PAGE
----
A Placemaking Journal

The Wørd: Placemaking Edition

For some reason — perhaps because the weather was poor, I have a 15 year old daughter, and watching movies makes for a good way to cope with both — one of the themes of the Doyon Family holiday break ended up being future dystopias. Not something necessarily aligned with the hopeful messages more commonly associated with the season but instructive nonetheless.

One of those movies was “The Giver,” which chronicles life in a post-apocalyptic community where, in an effort to prevent conflict, they’ve structured daily life to remove emotion. One of the rules that help govern this culture is “precision of language” — words are strictly regulated to ensure they don’t connect tangible specifics with broader emotional ideas. For example, co-habitants rather than family. Or dwelling rather than home.

What becomes apparent over the course of the film is that the precision demanded of the community’s inhabitants delivers anything but, because it fails to connect with the fundamentals of what it truly means to be human.

And that got me thinking: We in the placemaking game do this too. A lot.

New Year, New Words

We love to regulate language, don’t we?

It starts in the media, with the yearly debating of words in the abstract. We don’t discuss who we’re talking to, or what they value. Instead, the birth of each new year inspires consideration of particular words and their use based solely on whether or not we’re over it. For example, the Oregonian wants you to know that “sustainable” should be dropped from the lexicon. The Washington Post says forget about “downtown redevelopment;” “revillaging” is where it’s at now.

But get this: Sometimes “sustainable” isn’t played out. And while some communities are, as the Post asserts, past rote consideration of “downtown redevelopment” and ready for a more nuanced dive into “revillaging,” others most assuredly are not.

It depends on who you’re talking with, and what’s required to connect with the things they care about.

Click for photo credit.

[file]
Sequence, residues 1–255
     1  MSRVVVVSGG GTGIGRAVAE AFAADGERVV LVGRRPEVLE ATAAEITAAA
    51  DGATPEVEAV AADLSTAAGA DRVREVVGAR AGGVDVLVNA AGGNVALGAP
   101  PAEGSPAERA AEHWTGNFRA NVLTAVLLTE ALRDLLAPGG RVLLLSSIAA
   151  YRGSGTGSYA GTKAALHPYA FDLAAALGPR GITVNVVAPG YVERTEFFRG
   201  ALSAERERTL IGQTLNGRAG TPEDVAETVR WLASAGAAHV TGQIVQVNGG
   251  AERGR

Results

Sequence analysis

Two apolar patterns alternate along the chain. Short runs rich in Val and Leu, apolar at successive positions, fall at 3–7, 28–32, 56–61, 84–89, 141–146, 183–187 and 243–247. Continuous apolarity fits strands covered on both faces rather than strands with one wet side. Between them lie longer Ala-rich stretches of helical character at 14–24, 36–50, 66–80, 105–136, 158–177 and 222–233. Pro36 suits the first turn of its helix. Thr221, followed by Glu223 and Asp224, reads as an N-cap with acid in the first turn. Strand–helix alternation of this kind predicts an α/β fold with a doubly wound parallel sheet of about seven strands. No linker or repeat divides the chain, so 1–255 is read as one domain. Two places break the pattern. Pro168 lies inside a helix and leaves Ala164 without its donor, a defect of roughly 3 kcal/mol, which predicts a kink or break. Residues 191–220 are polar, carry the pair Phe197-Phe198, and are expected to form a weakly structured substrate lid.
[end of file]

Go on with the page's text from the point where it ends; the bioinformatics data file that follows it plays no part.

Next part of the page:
Click for photo credit.

Tripping Ourselves Up

I was at an industry roundtable discussion on community engagement recently that devoted no small chunk of time to consideration of which words work — actually taking to the easel to compile a list of good words. With nothing but the gentlest sincerity, participants debated, for example, whether or not “green” was a good word or a bad word. Or “urban.” Or “resilient.”

Speaking of resilience, I’ve actually seen discussion of the topic derailed by a debate over whether or not “resiliency” is an acceptable variant of the word, as though an idiotic, ivory-tower battle over semantics was more important than connecting people to the idea of thinking multiple generations down the line.

It is not hyperbole to suggest that things get pretty weird inside the silo.

A similar discussion emerged on one of my listserv groups not so long ago about “tactical urbanism,” the grass-roots, bottom-up placemaking approach championed by, among many others, transportation planner and advocate Mike Lydon, vs. “lighter, quicker, cheaper,” the similar approach championed by the Project for Public Spaces.

At the core of the debate were things like precise terminology, intellectual property, and credit where credit due, with essentially no (by the time my eyes glazed over and I checked out) discussion of audience, outcomes, and what best connects the two. It was as though participants were unaware they were engaged in a turf-staking branding discussion when what they really needed was a discussion about how to best connect different types of communities with the idea of citizen-driven, DIY placemaking.

PlaceMakers sometimes calls these types of DIY efforts placeshaking but, guess what: I have no emotional stake in whether or not you use the same term. Could not care less. If it helps further your efforts, great. It’s all yours. If you’re engaging a more dour, or intellectual, or suspicious, or hip, or not hip, or whatever audience, use something else.

That’s just it. As practitioners, our job is not to perpetuate buzzwords. But it’s also not to squash buzzwords. Instead, our job is this: connecting people to practical ways in which their built communities can better serve their needs and values.

And what that takes is the right words.

Word Up

Kaid Benfield, my now up-and-running colleague in PlaceMakers, has expressed his own thoughts on language and, with a cursory look, you’d think we were on opposite sides of the issue. That’s because Kaid’s not shy in suggesting that some words really need to be taken out behind the woodshed. But a closer read reveals that it’s not so much their use he’s irked about. It’s their misuse. And that’s exactly what I’m talking about, too. When the sloppy, lazy, meaningless or jargony application of language becomes an impediment to effective communication. And with it, progress.

How you frame the opportunities that will fill anyone’s particular void is a variable that requires more than just knowledge or strategic thinking. It requires a sincere effort to listen before you speak. To understand the person or community you’re working with and, ultimately, to present solutions that acknowledge, respect, and speak to both who and what they are.

It’s not rocket science. Anyone who’s ever been in a romantic relationship knows: It’s not just what you say. It’s how you say it.

Know your audience.

Scott Doyon

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